How To Stop Groundhogs From Eating Your Kale In The Garden

You take pride in your vegetable garden, especially that lush kale, but there's a good chance you're not the only one admiring it. Groundhogs might also have their eyes (and appetites) set on your greens. It's a common scenario for gardeners: You wait for the perfect harvest time, only to find a groundhog beat you to it. The first thing you can do is harvest your veggies as soon as they're ready. Letting them sit ripe in the garden is like rolling out a welcome mat for these critters. 

Now, groundhogs, or woodchucks as some call them, are more than just casual visitors. Their digging can be quite troublesome for your garden's health and aesthetics, and dealing with them is about more than just beating them to the harvest. It's about understanding their habits and making your garden a less inviting place for them. These animals are primarily active during daylight, especially in the early morning or late afternoon. Keeping an eye out during these times might give you a clue about their presence or hideouts. You'll likely have to combine the practice of timely harvesting with other elimination methods, which is key to effectively keeping groundhogs out of your garden.

Evicting groundhogs from your garden

So, you've noticed that groundhogs have taken a liking to your kale despite your best efforts at timely harvesting. It's clear that more direct action is needed. Eviction can be an effective method for dealing with groundhogs; let's talk about how you can do this safely. The process starts with locating their burrows. Groundhogs typically create a network of tunnels and burrows, often with several entrances. Your first task is to identify these entrances. You can do this by looking for mounds of dirt; these are usually the telltale signs of a groundhog's burrow.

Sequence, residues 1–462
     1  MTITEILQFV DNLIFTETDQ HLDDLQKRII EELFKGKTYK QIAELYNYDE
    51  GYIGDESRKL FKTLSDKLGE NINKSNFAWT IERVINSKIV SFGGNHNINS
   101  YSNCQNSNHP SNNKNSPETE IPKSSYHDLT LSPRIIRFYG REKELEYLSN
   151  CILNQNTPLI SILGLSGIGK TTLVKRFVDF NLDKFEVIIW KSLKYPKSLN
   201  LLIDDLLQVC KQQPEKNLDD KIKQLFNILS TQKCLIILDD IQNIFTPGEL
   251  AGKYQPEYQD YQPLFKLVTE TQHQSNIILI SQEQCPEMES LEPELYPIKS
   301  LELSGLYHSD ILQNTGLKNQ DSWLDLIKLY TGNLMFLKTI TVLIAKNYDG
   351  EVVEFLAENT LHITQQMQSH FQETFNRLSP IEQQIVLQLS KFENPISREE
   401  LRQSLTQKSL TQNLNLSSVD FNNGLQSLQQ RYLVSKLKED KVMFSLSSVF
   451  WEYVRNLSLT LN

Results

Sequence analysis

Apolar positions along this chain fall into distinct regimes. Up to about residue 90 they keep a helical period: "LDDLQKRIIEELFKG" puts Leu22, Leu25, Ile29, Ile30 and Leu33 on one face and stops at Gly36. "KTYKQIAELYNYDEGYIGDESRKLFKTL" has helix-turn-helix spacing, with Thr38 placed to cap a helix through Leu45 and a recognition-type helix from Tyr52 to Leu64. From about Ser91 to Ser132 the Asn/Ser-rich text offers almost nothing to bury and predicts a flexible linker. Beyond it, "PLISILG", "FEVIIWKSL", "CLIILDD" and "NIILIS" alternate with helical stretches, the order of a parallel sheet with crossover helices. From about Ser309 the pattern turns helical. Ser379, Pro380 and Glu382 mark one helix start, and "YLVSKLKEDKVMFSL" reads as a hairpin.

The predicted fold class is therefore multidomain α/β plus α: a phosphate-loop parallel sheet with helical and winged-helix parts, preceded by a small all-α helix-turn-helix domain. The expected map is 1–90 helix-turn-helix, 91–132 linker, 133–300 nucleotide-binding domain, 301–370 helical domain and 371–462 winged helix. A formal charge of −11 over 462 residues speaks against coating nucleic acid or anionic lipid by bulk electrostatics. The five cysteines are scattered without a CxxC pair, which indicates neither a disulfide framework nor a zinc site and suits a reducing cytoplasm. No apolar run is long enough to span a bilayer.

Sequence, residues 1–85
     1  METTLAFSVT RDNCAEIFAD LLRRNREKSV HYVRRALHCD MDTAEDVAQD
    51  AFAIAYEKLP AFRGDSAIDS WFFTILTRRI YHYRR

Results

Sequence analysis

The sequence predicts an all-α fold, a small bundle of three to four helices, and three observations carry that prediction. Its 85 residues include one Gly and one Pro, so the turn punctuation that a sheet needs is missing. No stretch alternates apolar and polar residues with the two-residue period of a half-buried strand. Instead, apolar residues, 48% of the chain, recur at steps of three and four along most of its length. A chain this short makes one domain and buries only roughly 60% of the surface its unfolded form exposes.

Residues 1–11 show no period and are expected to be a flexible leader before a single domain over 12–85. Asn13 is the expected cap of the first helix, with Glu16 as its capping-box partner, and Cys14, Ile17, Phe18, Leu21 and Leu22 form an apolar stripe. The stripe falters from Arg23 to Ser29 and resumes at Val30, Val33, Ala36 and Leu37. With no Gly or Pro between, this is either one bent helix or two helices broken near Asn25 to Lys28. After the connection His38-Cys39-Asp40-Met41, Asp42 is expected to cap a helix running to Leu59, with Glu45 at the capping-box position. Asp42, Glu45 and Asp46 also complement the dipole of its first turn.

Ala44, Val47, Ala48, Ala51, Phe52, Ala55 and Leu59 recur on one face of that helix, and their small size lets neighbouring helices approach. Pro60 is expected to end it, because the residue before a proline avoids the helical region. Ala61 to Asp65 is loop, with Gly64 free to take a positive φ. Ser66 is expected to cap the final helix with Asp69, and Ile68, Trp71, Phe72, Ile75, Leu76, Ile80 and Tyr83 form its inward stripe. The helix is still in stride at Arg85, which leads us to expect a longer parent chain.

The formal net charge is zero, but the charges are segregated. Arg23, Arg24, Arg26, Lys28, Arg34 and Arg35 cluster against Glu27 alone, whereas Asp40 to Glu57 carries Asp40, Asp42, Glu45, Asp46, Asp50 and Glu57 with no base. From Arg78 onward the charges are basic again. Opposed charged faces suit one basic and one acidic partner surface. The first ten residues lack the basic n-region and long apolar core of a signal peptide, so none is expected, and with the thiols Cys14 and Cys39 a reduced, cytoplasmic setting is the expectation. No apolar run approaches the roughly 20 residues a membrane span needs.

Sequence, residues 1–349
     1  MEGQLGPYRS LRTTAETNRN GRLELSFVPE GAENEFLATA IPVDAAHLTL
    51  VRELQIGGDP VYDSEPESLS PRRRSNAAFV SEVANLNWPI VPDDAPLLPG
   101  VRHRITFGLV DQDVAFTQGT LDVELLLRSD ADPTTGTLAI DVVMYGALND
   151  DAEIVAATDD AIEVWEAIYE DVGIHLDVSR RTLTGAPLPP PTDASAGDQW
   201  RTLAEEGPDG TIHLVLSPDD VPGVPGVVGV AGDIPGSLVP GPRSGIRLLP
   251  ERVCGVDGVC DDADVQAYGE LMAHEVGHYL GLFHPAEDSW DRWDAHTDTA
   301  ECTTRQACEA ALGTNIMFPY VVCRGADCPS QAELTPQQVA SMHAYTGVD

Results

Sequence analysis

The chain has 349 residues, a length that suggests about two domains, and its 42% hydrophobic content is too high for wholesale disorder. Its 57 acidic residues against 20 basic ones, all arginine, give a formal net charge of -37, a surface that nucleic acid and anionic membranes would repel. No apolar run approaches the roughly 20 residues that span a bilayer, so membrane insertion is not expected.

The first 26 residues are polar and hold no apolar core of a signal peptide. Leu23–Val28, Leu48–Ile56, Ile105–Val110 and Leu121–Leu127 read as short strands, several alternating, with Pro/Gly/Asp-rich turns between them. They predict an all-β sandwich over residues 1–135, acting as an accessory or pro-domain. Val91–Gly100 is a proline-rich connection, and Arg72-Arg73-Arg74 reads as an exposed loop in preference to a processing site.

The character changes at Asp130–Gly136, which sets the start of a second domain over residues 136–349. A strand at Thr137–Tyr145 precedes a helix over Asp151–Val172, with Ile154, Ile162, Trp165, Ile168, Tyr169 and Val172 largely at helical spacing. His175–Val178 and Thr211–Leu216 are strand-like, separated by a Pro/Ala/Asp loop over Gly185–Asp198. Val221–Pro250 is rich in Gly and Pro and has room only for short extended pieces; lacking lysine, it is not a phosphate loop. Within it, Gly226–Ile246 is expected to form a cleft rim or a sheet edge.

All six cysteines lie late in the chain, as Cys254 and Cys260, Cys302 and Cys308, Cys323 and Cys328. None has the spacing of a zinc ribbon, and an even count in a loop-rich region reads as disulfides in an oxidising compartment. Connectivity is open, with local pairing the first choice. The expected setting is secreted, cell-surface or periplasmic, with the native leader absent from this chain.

Once you've located the burrows, test to see if they're active. A simple way to do this is by loosely plugging all the entrances with easily moveable materials, like grass clippings. Keep an eye on these plugs over the next three to five days. If you find that the plugs have been disturbed, indicating that the burrow is occupied, it's time to gently persuade the groundhogs to move out. Try placing a smelly deterrent, like used kitty litter, inside the entrance. The idea is to make the burrow less appealing without harming the animals. Try to keep the smell contained by closing off the entrance to reduce airflow. If activity ceases, you can go ahead and close the burrow. Use dirt, rocks, or a combination of materials to ensure that the groundhogs can't easily reopen the entrance.

A fence is a solid line of defense against groundhogs

If eviction alone hasn't solved your groundhog problem, it's time to consider building a garden fence to keep these persistent critters away from your kale. Yes, it does require some effort, but the peace of mind and protection it offers your garden are well worth it. The fence should be made of sturdy chicken wire or hardware cloth. Opt for one with a mesh size of around 3 inches square, which is small enough to prevent groundhogs from squeezing through.

The height of the fence is also important. It needs to be above ground level by at least 4 feet to deter groundhogs from climbing over it. And since groundhogs are skilled diggers, your fence also needs an underground barrier. An L-footer base, which is essentially a bend at the bottom of the fence that extends outward, is highly effective. This extension should be at least a foot wide and buried a few inches below the surface to prevent digging. Angle a small part of the fence's top edges outward at 45 degrees. This angled overhang makes it even more difficult for groundhogs to climb over the fence and access your kale. 

Regular maintenance of your fence is also key. Inspect it periodically for any signs of damage or wear and make repairs as needed. Also, keep the area around the fence clear of tall grass and debris to reduce the attractiveness of your garden to groundhogs.